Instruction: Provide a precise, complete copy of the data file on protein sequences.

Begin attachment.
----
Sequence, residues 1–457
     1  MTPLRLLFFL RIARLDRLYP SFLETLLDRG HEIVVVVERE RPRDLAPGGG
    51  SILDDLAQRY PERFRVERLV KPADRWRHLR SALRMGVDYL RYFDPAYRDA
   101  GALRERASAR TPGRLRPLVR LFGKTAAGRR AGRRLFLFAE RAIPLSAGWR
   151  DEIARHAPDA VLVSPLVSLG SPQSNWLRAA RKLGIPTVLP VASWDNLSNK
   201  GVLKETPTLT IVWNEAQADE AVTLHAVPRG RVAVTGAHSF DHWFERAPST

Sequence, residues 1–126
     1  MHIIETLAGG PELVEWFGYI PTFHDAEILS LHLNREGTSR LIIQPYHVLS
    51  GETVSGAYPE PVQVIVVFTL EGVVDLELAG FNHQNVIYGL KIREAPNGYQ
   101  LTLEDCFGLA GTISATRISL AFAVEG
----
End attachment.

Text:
Sequence, residues 1–457
     1  MTPLRLLFFL RIARLDRLYP SFLETLLDRG HEIVVVVERE RPRDLAPGGG
    51  SILDDLAQRY PERFRVERLV KPADRWRHLR SALRMGVDYL RYFDPAYRDA
   101  GALRERASAR TPGRLRPLVR LFGKTAAGRR AGRRLFLFAE RAIPLSAGWR
   151  DEIARHAPDA VLVSPLVSLG SPQSNWLRAA RKLGIPTVLP VASWDNLSNK
   201  GVLKETPTLT IVWNEAQADE AVTLHAVPRG RVAVTGAHSF DHWFERAPST

Sequence, residues 1–126
     1  MHIIETLAGG PELVEWFGYI PTFHDAEILS LHLNREGTSR LIIQPYHVLS
    51  GETVSGAYPE PVQVIVVFTL EGVVDLELAG FNHQNVIYGL KIREAPNGYQ
   101  LTLEDCFGLA GTISATRISL AFAVEG